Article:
Gigi D'Agostino - The Riddle
The Riddle" is a song by the English singer-songwriter Nik Kershaw. It was released in 1984 as the lead single from the album of the same name. Kershaw described the lyrical content as being nondescript to fill as a "guide vocal" for the production. It reached number three on the UK Singles Chart and peaked within the top 10 in countries like Ireland, Norway, Sweden, Australia and New Zealand. An accompanying music video was made for the song and features references to Lewis Carroll's book Alice in Wonderland. The song was covered by many artists, most notably by Gigi D'Agostino (1999) and Jack Holiday and Mike Candys (2012).
Snap! - Rhythm is a Dancer
"Rhythm Is a Dancer" is a song by German eurodance group Snap!. It was released in March 1992 as the second single from their second studio album The Madman's Return (1992). Written by Benito Benites, John "Virgo" Garrett III (aliases for German producers Michael Münzing and Luca Anzilotti) and Thea Austin, the song was released as the second single from The Madman's Return album on 30 March 1992.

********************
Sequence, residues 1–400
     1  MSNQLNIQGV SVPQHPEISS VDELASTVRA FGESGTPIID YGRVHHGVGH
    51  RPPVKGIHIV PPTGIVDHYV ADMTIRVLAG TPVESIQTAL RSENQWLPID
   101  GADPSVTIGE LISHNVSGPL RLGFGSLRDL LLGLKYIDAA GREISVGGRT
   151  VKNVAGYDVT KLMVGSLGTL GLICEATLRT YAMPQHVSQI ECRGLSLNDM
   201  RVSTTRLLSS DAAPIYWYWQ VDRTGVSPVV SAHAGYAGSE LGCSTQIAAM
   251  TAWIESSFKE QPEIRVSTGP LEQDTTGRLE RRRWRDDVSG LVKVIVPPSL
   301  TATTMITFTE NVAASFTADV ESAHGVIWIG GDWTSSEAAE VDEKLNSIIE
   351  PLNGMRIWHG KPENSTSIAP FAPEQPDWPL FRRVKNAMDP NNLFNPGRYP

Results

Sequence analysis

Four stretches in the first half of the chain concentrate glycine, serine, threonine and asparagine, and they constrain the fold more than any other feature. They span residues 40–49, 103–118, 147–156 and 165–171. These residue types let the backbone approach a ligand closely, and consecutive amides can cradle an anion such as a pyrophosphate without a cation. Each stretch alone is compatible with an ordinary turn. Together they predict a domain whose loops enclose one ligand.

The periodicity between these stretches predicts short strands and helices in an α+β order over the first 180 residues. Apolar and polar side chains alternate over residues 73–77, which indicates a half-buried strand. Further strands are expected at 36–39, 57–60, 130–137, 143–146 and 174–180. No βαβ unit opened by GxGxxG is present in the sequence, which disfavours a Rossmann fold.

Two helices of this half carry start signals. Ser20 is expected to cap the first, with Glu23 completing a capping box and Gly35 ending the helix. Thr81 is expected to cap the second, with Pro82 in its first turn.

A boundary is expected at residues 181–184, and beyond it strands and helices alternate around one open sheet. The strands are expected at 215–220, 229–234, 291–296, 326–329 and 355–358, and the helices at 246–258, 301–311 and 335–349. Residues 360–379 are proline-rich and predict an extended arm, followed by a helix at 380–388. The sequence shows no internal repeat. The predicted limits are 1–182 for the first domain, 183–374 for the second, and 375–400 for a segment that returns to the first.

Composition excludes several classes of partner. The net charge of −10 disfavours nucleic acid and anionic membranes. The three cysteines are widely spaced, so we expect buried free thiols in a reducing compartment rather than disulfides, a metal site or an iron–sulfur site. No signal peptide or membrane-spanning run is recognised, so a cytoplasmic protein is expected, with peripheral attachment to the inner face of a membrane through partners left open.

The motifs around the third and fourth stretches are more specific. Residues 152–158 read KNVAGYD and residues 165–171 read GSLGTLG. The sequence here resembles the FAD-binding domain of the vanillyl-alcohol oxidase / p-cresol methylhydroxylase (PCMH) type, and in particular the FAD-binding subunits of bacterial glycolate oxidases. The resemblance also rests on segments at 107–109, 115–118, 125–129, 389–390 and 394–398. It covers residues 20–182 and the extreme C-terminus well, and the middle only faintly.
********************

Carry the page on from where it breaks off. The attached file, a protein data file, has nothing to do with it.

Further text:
Nightcrawlers - Push The Feeling On
"Push the Feeling On" is a dance song by the Scottish music group Nightcrawlers. It was the first single from their debut album, Lets Push It (1995). It reached the top-10 in various European countries, including the UK, where it peaked at number 3. Despite the Nightcrawlers' Scottish origin, the song was actually less popular in Scotland than in the UK as a whole (and many European markets), only peaking at number 11; mainly due to the more subtle and low-key style of the track, which differentiated it from the dance music popular in Scotland at the time such as bouncy techno. On the Eurochart Hot 100, "Push the Feeling On" reached number 5.